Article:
If I asked you to draw a glacier, you might draw just a big white blob of ice. But glaciers are really much more complex. To draw them properly, we need to add a lot of details.
Streams run over the surface of glaciers, and sometimes cascade down into the glacier itself where they continue to flow through and underneath it. Pieces of the glacier break off and smash back together as the glacier slowly moves, forming cracks, caverns, and rubble.
Above, the glacier’s surface is pockmarked and dirty from both biological matter (like bird poop and plant pieces) and bits of the Earth (like dust). The dust that accumulates on the glacier is called cryoconite meaning cold dust. It’s made of particles from things like rocks, volcanic eruptions, and power plant emissions. It may have blown onto the glacier from far away, even other continents.
Critically, cryoconite contains microbes.
Pure white snow and ice reflects a lot of light. But dark, sooty cryoconite on a glacier absorbs light, warming the glacier up and making it melt faster than it would otherwise. Small holes form as the cryoconite particles melt the ice around them. Meltwater collects in these holes and makes great habitat for the microbes, which become very active in this water.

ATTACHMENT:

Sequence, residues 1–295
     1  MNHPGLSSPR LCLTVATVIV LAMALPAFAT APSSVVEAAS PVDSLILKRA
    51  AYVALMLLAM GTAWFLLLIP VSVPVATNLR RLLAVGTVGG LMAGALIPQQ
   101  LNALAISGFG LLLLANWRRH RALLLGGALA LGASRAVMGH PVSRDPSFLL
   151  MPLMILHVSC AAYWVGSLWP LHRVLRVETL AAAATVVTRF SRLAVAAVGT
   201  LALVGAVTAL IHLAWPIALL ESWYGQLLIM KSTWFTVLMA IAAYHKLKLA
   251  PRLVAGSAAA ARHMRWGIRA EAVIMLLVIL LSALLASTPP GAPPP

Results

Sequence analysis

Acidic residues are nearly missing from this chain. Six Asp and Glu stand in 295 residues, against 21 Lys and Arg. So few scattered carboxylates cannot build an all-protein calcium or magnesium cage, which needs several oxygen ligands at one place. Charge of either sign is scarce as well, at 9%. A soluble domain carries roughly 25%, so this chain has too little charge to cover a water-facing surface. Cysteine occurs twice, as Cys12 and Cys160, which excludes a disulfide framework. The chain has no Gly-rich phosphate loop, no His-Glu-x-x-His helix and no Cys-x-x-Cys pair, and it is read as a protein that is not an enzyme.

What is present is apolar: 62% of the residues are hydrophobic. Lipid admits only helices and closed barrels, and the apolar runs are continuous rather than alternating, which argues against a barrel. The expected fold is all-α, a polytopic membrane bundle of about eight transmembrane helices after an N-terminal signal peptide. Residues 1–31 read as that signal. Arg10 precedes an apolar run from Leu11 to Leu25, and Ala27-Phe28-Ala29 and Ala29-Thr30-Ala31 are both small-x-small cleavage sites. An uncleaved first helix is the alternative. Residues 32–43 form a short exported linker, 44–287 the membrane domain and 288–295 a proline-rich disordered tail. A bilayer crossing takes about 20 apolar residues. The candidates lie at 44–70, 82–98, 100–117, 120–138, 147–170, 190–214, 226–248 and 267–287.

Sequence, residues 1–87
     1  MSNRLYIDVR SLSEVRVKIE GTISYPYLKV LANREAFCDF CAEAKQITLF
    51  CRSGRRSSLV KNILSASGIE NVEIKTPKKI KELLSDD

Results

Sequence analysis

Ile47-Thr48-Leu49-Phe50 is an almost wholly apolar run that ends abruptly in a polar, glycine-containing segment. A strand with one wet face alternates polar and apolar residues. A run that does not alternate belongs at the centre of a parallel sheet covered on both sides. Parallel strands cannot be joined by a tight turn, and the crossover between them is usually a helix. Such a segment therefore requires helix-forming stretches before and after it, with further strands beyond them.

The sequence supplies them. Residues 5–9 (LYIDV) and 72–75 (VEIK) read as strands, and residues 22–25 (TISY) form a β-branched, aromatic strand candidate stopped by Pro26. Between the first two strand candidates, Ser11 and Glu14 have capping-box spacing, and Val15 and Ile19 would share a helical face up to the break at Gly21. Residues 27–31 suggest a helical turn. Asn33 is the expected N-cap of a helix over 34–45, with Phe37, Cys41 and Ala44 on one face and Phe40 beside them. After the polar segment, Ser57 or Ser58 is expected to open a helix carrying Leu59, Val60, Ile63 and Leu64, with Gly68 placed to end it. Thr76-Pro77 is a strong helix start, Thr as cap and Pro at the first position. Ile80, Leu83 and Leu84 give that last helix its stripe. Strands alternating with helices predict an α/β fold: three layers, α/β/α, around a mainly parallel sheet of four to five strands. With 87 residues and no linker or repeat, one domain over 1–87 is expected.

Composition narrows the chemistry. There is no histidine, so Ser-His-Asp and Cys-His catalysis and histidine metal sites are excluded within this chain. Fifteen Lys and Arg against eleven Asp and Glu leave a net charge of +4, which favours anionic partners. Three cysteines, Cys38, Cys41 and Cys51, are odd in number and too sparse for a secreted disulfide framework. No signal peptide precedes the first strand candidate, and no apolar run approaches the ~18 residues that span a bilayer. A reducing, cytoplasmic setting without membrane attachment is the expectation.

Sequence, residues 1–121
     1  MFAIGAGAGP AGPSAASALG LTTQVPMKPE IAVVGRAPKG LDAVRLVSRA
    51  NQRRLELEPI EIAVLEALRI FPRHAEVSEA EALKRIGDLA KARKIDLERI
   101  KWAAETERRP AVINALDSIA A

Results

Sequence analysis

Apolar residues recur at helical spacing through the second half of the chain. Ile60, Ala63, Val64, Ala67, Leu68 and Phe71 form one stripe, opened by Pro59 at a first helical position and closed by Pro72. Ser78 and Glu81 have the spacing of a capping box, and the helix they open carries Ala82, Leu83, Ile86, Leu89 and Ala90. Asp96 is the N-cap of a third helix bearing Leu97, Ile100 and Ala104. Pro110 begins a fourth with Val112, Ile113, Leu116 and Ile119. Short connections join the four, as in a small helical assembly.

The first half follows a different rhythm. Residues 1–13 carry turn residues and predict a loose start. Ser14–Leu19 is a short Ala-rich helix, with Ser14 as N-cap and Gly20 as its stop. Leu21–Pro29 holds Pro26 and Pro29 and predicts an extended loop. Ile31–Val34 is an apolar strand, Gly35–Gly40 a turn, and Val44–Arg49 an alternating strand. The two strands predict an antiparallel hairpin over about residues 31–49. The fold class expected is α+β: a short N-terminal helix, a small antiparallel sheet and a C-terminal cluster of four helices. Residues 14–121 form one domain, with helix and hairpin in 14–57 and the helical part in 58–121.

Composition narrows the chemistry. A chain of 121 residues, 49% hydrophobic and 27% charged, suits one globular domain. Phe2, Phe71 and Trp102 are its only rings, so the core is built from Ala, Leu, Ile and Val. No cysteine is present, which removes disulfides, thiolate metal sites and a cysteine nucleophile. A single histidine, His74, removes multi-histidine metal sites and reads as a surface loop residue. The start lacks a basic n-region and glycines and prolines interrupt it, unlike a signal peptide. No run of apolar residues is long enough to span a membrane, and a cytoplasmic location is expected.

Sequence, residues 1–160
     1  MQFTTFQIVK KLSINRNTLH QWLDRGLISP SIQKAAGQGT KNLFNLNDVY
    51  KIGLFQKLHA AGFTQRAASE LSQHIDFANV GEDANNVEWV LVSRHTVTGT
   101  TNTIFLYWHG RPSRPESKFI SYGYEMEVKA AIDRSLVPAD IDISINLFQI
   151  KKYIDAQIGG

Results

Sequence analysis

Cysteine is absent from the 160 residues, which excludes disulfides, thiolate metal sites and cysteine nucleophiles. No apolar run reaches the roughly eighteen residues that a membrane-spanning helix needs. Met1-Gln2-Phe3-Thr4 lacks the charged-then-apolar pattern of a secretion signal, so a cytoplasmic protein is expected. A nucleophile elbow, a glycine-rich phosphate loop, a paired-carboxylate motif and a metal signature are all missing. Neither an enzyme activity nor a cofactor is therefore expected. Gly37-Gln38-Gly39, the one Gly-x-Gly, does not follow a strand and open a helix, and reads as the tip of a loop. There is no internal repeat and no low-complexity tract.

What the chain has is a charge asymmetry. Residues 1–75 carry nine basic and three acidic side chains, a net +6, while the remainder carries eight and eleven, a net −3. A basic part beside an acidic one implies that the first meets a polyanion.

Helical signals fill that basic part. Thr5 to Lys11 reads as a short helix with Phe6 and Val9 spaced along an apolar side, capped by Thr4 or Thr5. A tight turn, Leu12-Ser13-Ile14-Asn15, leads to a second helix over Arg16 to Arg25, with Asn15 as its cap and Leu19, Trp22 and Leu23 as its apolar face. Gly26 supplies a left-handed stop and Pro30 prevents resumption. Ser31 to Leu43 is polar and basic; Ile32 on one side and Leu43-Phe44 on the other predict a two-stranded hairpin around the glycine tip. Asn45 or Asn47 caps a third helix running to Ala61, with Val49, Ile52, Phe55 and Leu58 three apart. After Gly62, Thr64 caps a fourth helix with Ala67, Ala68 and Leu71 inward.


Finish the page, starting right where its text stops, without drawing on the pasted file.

Our team studies biofilms and microbial activity in Antarctic cryoconite holes. Biofilms are mats made of microorganisms and extracellular material that stick to each other and a surface (ice in this case). Imagine you’ve poured all the soup out of a bowl and there’s only a thin layer left on the bowl’s surface. If you let that soup sit for a few hours so some of the water evaporated and it got thick and sticky, then its consistency would be like a biofilm’s.
The latest research from our group, and others, suggests that biofilm activity on cryoconite particles starts a cycle of increasing warming and heightened microbial activity.
Melting glaciers release nutrients and other biological materials that were previously trapped in the ice. They also raise sea level. But we can’t take the best steps to protect against the changes that melting glaciers will bring until we know more about what is happening globally, including Antarctica.